In July 2012 the NZDF announced the forthcoming introduction of an updated uniform for the New Zealand Army in a new NZ MCU camouflage pattern, writes Bob Morrison.
This new multi-terrain camouflage pattern was intended as a replacement for NZ DPM or Disruptive Pattern Material, worn since the start of the 1980s, and NZ Desert DPM, worn operationally from 2003, which were both evolutions of the British DPM camouflage designs. More more detail on the new camo was unveiled in an official press release on 20th June 2013, along with the photo below, and it was stated that “all NZ Army Regular Force members will have the new uniforms by November  while the Reserve Forces will have the new clothing system by October 2014”.
Known as New Zealand Multi-terrain Camouflage Uniform, or NZ MCU, the new garments were produced in a camouflage pattern designed by Guy Cramer and Hyperstealth Technologies, whose inventors were heavily involved in the design of the CADPAT and MARPAT digital camo patterns used by both Canadian and US military forces respectively. Rather than being of conventional digital design the new 2012 NZ MCU pattern, one of the Ghostex family conceived by Hyperstealth in collaboration with ADS Inc. in an attempt to meet a US Army requirement for the UCP digital camo pattern replacement, blended macro and micro patterns to both disrupt body shape and introduce depth.
In June 2013 the overall cost of the New Zealand project was given as being $13.6 million over two years, which included the complete uniform fit out for Army personnel from the Regular and Reserve Forces, though at that stage it was anticipated that NZ Air Force personnel would continue to wear DPM. One of the MCU Project Managers, Captain Ian Leabourne, stated at the time: “We have traditionally had our two patterns of uniform, one for the jungle and one for the desert. However, with the operational environments we face today, we can be operating in a variety of terrains within one area. We needed something which would do the job in whatever environment we deploy to. This uniform, with its unique NZ Defence Force pattern, solves this issue.”
My first opportunity to photograph this camo pattern arose during JOINT WARRIOR 14-1 in Scotland in April 2014, when I spotted a Staff Sergeant on attachment to 3 Commando Brigade wearing a waterproof smock over combat shirt and trousers in MCU. The over-smock worn here was in a slightly more verdant colourway, which at the time I was told was merely a result of the different fabric used, but some commentators state that MCU pattern has subsequently been toned down; as I do not have unissued garments from different production batches to physically compare under the same lighting conditions, and as attempting to judge camo colours from photographs alone is a recipe for disaster, I think I will reserve judgement for the moment.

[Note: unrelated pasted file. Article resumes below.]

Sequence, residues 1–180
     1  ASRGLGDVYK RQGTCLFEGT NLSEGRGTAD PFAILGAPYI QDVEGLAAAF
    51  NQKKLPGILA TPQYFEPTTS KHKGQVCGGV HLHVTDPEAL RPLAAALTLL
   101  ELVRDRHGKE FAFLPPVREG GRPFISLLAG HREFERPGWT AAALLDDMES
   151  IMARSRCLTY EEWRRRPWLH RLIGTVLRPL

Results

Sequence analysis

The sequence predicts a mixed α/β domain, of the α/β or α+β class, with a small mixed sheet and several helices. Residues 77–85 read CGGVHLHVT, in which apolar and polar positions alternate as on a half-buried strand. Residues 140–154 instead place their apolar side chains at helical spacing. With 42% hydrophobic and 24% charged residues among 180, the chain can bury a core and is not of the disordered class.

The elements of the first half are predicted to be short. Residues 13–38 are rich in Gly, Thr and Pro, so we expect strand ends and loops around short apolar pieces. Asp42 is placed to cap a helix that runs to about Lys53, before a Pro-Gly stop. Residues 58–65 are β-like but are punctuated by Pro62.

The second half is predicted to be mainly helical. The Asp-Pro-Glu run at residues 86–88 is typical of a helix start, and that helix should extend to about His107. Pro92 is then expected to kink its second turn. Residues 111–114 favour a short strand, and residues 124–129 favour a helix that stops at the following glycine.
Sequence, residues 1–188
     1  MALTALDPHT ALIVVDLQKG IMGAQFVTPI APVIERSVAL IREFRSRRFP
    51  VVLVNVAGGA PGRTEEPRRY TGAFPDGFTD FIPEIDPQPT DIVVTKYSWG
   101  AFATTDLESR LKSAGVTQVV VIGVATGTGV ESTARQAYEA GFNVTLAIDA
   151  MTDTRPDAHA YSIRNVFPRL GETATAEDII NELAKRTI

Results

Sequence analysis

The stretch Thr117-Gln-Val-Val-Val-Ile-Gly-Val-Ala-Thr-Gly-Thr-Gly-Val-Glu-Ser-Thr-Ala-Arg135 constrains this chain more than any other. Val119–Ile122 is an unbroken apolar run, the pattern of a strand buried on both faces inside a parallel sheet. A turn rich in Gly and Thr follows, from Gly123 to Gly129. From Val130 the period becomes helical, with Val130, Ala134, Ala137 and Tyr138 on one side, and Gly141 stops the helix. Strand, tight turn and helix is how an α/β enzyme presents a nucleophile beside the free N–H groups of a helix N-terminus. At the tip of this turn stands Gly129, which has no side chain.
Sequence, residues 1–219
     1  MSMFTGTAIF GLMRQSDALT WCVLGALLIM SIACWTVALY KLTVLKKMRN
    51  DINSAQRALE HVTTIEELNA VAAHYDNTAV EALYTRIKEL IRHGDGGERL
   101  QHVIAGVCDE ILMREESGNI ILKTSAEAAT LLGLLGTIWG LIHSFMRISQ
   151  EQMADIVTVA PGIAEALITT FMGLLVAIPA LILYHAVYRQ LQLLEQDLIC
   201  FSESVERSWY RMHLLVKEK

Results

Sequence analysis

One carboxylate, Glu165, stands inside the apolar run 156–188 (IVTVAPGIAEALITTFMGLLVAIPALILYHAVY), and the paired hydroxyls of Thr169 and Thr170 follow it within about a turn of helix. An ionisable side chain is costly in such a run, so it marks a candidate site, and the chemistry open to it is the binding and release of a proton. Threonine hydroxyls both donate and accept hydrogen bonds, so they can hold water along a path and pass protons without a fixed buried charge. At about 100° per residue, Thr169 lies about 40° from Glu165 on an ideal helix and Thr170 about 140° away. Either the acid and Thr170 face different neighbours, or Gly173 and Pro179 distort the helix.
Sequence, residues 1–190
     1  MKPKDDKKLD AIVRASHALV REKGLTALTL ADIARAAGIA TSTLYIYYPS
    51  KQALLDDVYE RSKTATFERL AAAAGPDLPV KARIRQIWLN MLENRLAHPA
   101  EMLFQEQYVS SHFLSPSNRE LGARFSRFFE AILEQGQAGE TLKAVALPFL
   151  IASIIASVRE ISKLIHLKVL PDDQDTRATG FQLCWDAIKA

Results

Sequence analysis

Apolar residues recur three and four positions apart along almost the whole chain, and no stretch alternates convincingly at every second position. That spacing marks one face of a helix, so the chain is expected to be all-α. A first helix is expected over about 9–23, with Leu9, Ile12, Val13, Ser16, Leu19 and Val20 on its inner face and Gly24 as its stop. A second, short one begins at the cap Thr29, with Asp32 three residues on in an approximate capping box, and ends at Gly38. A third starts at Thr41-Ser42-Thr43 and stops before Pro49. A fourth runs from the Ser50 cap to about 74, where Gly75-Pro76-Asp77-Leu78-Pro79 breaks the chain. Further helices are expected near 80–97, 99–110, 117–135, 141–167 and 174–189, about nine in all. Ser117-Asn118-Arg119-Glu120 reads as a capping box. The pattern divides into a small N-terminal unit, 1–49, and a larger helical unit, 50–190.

At DVD 14, held at Millbrook Proving Ground in June when the weather was close to 20C warmer than it was on the beach at West Freugh during JW14-1 and the light was much better, I was able to photograph a New Zealand Army major wearing just his MCU combat shirt, with sleeves rolled up, and MCU combat trousers. His personal opinion was that the new uniform was both practical and popular with his troops, not least because they were instructed not to iron the fabric, and he gave it a hearty thumbs-up.
Our colleague Gordon Arthur photographed New Zealand Army personnel deployed to Australia on multinational TALISMAN SABRE exercises in 2015 and 2017 and his photographs taken in the field are a better indication of how MCU works in the sort of terrain NZDF personnel were more likely to be deployed overseas. Australia is, of course, New Zealand’s nearest neighbour and its tropical north and north-east regions have long been considered as being potentially vulnerable so it is unsurprising that the Kiwis regularly train alongside their Antipodean cousins on their home ground. Gordon’s photos show MCU blending in quite well with the Australian terrain however it must be borne in mind that not only do dust and prolonged exposure strong sun often tone down patterns to blend in with their surroundings, but switched-on soldiers also often wear their oldest and grottiest combat uniforms when deploying into the field on long exercises.
On 17th February this year it was formally announced that the New Zealand Defence Force is this year being stood down from operations in Afghanistan, ending its 20-year commitment. In 2019 it was announced that NZ MCU would be phased out and new uniforms manufactured from NZ MTP (a slight colour variation of British MTP) fabric would be rolled out over the next three to four years.